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2 Petrus 3:9

Konteks
3:9 The Lord is not slow concerning his promise, 1  as some regard slowness, but is being patient toward you, because he does not wish 2  for any 3  to perish but for all to come to repentance. 4 

2 Petrus 3:15

Konteks
3:15 And regard the patience of our Lord as salvation, 5  just as also our dear brother Paul 6  wrote to you, 7  according to the wisdom given to him,
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[3:9]  1 tn Or perhaps, “the Lord is not delaying [the fulfillment of] his promise,” or perhaps “the Lord of the promise is not delaying.” The verb can mean “to delay,” “to be slow,” or “to be hesitant.”

[3:9]  2 tn Grk “not wishing.” The participle most likely has a causal force, explaining why the Lord is patient.

[3:9]  3 sn He does not wish for any to perish. This verse has been a battleground between Arminians and Calvinists. The former argue that God wants all people to be saved, but either through inability or restriction of his own sovereignty does not interfere with peoples’ wills. Some of the latter argue that the “any” here means “any of you” and that all the elect will repent before the return of Christ, because this is God’s will. Both of these positions have problems. The “any” in this context means “any of you.” (This can be seen by the dependent participle which gives the reason why the Lord is patient “toward you.”) There are hints throughout this letter that the readership may be mixed, including both true believers and others who are “sitting on the fence” as it were. But to make the equation of this readership with the elect is unlikely. This would seem to require, in its historical context, that all of these readers would be saved. But not all who attend church know the Lord or will know the Lord. Simon the Magician, whom Peter had confronted in Acts 8, is a case in point. This is evident in contemporary churches when a pastor addresses the congregation as “brothers, sisters, saints, etc.,” yet concludes the message with an evangelistic appeal. When an apostle or pastor addresses a group as “Christian” he does not necessarily think that every individual in the congregation is truly a Christian. Thus, the literary context seems to be against the Arminian view, while the historical context seems to be against (one representation of) the Calvinist view. The answer to this conundrum is found in the term “wish” (a participle in Greek from the verb boulomai). It often represents a mere wish, or one’s desiderative will, rather than one’s resolve. Unless God’s will is viewed on the two planes of his desiderative and decretive will (what he desires and what he decrees), hopeless confusion will result. The scriptures amply illustrate both that God sometimes decrees things that he does not desire and desires things that he does not decree. It is not that his will can be thwarted, nor that he has limited his sovereignty. But the mystery of God’s dealings with humanity is best seen if this tension is preserved. Otherwise, either God will be perceived as good but impotent or as a sovereign taskmaster. Here the idea that God does not wish for any to perish speaks only of God's desiderative will, without comment on his decretive will.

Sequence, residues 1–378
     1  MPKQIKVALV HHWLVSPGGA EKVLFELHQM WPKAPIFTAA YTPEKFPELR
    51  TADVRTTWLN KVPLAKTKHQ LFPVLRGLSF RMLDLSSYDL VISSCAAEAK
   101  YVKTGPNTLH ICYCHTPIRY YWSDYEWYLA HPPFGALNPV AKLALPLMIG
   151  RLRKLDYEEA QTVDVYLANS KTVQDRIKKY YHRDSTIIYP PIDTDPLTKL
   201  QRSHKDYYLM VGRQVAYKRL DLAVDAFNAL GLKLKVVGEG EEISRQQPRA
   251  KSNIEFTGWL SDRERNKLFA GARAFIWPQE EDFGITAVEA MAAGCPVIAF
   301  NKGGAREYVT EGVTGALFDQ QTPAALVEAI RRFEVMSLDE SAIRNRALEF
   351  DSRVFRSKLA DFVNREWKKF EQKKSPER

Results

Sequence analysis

[3:9]  4 tn Grk “reach to repentance.” Repentance thus seems to be a quantifiable state, or turning point. The verb χωρέω (cwrew, “reach”) typically involves the connotation of “obtain the full measure of” something. It is thus most appropriate as referring to the repentance that accompanies conversion.

[3:15]  5 tn The language here is cryptic. It probably means “regard the patience of our Lord as an opportunity for salvation.” In the least, Peter is urging his audience to take a different view of the delay of the parousia than that of the false teachers.

[3:15]  6 sn Critics generally assume that 2 Peter is not authentic, partially because in vv. 15-16 Paul is said to have written scripture. It is assumed that a recognition of Paul’s writings as scripture could not have happened until early in the 2nd century. However, in the same breath that Paul is canonized, Peter also calls him “brother.” This is unparalleled in the 2nd century apocryphal works, as well as early patristic writings, in which the apostles are universally elevated above the author and readers; here, Peter simply says “he’s one of us.”

[3:15]  7 sn Paul wrote to you. That Paul had written to these people indicates that they are most likely Gentiles. Further, that Peter is now writing to them suggests that Paul had already died, for Peter was the apostle to the circumcised. Peter apparently decided to write his two letters to Paul’s churches shortly after Paul’s death, both to connect with them personally and theologically (Paul’s gospel is Peter’s gospel) and to warn them of the wolves in sheep’s clothing that would come in to destroy the flock. Thus, part of Peter’s purpose seems to be to anchor his readership on the written documents of the Christian community (both the Old Testament and Paul’s letters) as a safeguard against heretics.



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